14. Quico: After the legalistic contortions the court performed today, what makes you think there will be elections? If there is “continuity” of administrations, so to speak, why wouldn’t the next election be in 2018?

  15. Maybe Falcón (while HCR does the legal stuff) could hammer on the last point “Most importantly: leaders, public servants, and politicians should not forget what people’s real problems are. They are increasing daily.”
    He could say something like:
    “- People ask where is Chavez? I ask: where are the jobs? Where is the new housing?, Where is the sugar, cooking oil, the electricity?
    – Some want to know whether Chavez is alive and how long he will live; but let’s not forget about the mothers that want to know if their son and daughter will come back home alive or if this week or this month they will be victims of crime
    – Maduro says that the swearing-in is a formality, I tell him that the people’s problems, their goals their will to get on in life if NOT a formality and we have not forgotten that!”

  16. I guess they have a point, now that you have showed us. Its just very frustrating, to keep turning the other cheek to these criminals. We seem to be here just to watch them destroy our country. They are raping it over and over again.
    “- It would be terrible if people started seeing the opposition as vultures, circling around Chávez’s dead body trying to obtain power…” Well, to the rest of the world we now look as a weak nation. A country without leadership. I’m sorry, but it does feel that way. My questions: Is the MUD working behind close doors? How will we get those Ni-ni votes if no one sees anything done? Capriles is loosing followers because he is perceived as a weak guy. People even think he is “cuadrado con el gobierno”. What a mess we have in our hands. We allowed these crooks to take too much space. To gain it back will be a very difficult task.

  17. Thanks. That was a breath of fresh air and rationality.

    The best thing the MUD can do right now is go back to the drawing board and craft another platform… one that doesn’t look or sound like Chavismo Light. They need a platform that assumes the worst… that they will inherit a broken and bankrupt country. Then they need to quietly (at first) get the word out. The message is:

    “This is going to get worse. We couldn’t prevent it, but we did predict it. You are now seeing our predictions come true. We are patient. We know that this cannot be stopped. But, when the country has finally had enough of this madness, we are here, and we have a plan. It will not be easy. We will not promise instant properity for every Venezuelan. We will not be the country that we can and should be for many years to come. There is much work to be done, and there will be a role in it for every Venezuelan. But, if Venezuela can commit to our plan, we can promise that your children and grandchildren will inherit a country that you can be proud of. We are ready when Venezuela is.”

  18. What else can you do? Nothing because either way you may lose.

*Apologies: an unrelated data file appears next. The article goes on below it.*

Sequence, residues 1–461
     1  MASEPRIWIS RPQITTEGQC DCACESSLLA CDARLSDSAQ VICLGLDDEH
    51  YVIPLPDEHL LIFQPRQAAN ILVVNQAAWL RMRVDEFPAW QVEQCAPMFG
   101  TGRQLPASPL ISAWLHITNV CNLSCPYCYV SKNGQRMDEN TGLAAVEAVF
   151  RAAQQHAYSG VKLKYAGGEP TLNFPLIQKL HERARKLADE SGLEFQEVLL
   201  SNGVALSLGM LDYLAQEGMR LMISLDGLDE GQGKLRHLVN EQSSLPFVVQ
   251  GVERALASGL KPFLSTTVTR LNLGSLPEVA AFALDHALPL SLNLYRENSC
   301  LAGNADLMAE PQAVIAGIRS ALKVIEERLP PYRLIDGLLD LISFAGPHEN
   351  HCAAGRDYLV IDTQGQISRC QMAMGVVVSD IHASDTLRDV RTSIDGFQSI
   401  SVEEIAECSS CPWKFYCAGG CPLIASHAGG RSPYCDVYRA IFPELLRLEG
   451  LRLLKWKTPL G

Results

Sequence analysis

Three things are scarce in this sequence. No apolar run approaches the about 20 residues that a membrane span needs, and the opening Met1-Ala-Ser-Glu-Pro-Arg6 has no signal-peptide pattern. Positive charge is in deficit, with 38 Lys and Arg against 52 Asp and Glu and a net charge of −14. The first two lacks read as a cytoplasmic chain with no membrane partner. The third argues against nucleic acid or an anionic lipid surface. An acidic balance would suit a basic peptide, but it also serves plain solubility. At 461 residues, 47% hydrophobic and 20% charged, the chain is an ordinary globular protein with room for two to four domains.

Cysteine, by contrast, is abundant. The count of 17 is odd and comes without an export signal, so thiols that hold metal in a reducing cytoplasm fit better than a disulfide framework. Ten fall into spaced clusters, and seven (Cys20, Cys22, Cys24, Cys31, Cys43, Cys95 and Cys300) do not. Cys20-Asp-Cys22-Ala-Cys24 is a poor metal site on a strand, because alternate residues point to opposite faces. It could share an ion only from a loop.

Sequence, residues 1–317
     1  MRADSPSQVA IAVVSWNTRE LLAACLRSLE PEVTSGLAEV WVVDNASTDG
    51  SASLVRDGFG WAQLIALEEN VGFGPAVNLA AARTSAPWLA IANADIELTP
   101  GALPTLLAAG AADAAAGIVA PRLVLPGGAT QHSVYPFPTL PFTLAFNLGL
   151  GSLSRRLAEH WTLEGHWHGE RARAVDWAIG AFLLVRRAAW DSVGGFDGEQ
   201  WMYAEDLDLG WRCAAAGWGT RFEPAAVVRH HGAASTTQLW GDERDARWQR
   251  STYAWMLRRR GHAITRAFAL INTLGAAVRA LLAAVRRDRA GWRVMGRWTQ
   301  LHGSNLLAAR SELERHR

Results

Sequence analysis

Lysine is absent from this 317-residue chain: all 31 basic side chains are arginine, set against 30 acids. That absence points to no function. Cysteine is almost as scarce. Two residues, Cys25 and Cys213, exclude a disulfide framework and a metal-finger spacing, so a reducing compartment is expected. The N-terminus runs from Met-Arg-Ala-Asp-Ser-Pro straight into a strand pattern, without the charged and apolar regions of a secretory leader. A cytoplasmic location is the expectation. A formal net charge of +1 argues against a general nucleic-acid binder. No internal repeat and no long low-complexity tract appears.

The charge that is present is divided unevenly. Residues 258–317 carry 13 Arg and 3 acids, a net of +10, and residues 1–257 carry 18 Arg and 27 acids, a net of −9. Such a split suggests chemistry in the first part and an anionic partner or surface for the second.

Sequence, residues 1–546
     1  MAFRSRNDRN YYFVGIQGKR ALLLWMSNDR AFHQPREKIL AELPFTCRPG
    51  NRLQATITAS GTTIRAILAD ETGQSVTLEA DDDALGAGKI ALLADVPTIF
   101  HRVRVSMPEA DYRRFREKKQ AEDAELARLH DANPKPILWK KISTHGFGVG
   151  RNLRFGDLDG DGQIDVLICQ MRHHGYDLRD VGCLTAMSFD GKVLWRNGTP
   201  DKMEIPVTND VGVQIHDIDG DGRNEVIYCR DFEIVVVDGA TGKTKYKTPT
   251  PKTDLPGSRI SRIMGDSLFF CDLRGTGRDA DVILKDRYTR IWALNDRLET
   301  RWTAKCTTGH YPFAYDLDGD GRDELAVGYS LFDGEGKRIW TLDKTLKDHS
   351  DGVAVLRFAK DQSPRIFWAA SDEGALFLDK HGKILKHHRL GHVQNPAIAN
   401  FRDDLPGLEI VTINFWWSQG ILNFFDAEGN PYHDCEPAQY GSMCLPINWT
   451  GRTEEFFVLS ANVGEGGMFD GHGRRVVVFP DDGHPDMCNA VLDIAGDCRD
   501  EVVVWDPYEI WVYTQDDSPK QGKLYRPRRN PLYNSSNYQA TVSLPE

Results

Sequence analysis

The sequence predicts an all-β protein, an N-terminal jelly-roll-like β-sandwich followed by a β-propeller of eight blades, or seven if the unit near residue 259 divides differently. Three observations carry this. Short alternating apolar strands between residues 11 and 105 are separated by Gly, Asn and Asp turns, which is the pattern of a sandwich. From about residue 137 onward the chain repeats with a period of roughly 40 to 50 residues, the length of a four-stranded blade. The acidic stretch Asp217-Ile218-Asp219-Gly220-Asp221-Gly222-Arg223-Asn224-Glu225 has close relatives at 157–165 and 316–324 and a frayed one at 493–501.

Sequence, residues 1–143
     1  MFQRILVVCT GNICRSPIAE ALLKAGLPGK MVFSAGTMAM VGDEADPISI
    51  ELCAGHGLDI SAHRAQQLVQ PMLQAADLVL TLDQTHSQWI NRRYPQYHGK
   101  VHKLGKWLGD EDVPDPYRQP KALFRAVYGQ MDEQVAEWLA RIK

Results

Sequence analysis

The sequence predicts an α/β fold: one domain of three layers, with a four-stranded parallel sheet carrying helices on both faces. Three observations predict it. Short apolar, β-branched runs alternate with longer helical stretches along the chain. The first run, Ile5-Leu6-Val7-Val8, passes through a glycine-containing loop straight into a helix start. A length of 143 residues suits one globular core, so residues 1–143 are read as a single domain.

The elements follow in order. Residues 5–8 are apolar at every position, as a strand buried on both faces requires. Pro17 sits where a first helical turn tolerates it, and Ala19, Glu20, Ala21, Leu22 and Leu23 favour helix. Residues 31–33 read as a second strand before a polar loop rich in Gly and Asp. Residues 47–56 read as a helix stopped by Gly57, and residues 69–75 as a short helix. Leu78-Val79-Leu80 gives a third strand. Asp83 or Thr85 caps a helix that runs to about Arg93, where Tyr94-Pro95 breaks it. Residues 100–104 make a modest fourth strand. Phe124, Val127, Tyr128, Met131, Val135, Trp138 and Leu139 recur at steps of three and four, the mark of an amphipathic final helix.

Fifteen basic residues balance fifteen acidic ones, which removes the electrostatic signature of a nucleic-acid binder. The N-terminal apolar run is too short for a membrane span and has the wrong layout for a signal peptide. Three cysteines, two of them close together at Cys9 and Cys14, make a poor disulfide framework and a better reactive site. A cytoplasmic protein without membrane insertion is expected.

Granted the bureaucracy may lose its grip but the grassroots is 10 times stronger than you or them.

    They are organizing big time and you will never be able to catch up.


    • The grassroot we are counting on. To see the size of the deception perpetrated on them by chavismo, on this and in all other matters. In fact our other thought is to wait for the right moment…

    • If the grassroots is so much stronger than ‘the bureaucracy’ (ie the self-serving clique around Chavez, who now have the reins of power), then it’s a little odd that in 14 years they haven’t been organised enough to demand – and get – decent public services, effective policing, adequate housing, street lighting, roads without holes in them, labour rights and a gazillion other things this country still lacks. They protest, but in an isolated fashion that makes them easy to pick off one by one. Hell, they don’t even get to decide who is candidate for mayor or governor! And they just take it, while waiting for Chavez to deliver Utopia.

      Wake up, guys – Utopia has been postponed indefinitely. Now your leader is incommunicado and surrounded by Cuban intelligence agents, unable to sign his own letters. The people you have been denouncing as useless and corrupt all these years are ruling in his name, but you don’t even know if he’s still conscious. Isn’t it time to echo the opposition’s demand for ‘opportune and truthful’ information about what’s really going on?

  19. Hoy terminaron de asesinar la democracia en Venezuela. Los asesinos intelectuales son los hermanos Castro, asistidos por una pandilla de malandros coordinada por Nicolás Maduro, Diosdado Cabello y un tal general Molero. Se llevó a cabo el asesinato ante la concurrencia cómplice de dos presidentes latinoamericanos: Evo Morales y José Mujica, y malandros de menor categoría llegados de varios países forajidos de la región.
    Inesperada y triste fue la presencia silenciosa de Henrique Capriles, líder de la oposición. Capriles, testigo del asesinato, lo aceptó pasivamente y comentó: “Ya no tendrán más excusas para gobernar”. Una estrategia que podrá dar sus frutos mañana pero que sacrifica principios que deberían ser sagrados.
    Desde hoy los venezolanos amantes de la democracia tendrán que luchar esencialmente solos. Quienes todavía creemos en los principios y los valores que nos enseñaron en el hogar y en la escuela tendremos que resistir, cada quien en la medida de sus posibilidades. No es suficiente con creer que los malandros se auto-destruirán. Aunque esa es una excelente probabilidad es necesario que cada venezolano decente y honesto haga una profesión activa de dignidad. Pero eso es lo que escasea en Venezuela hoy en día, junto con el el azúcar y el papel sanitario.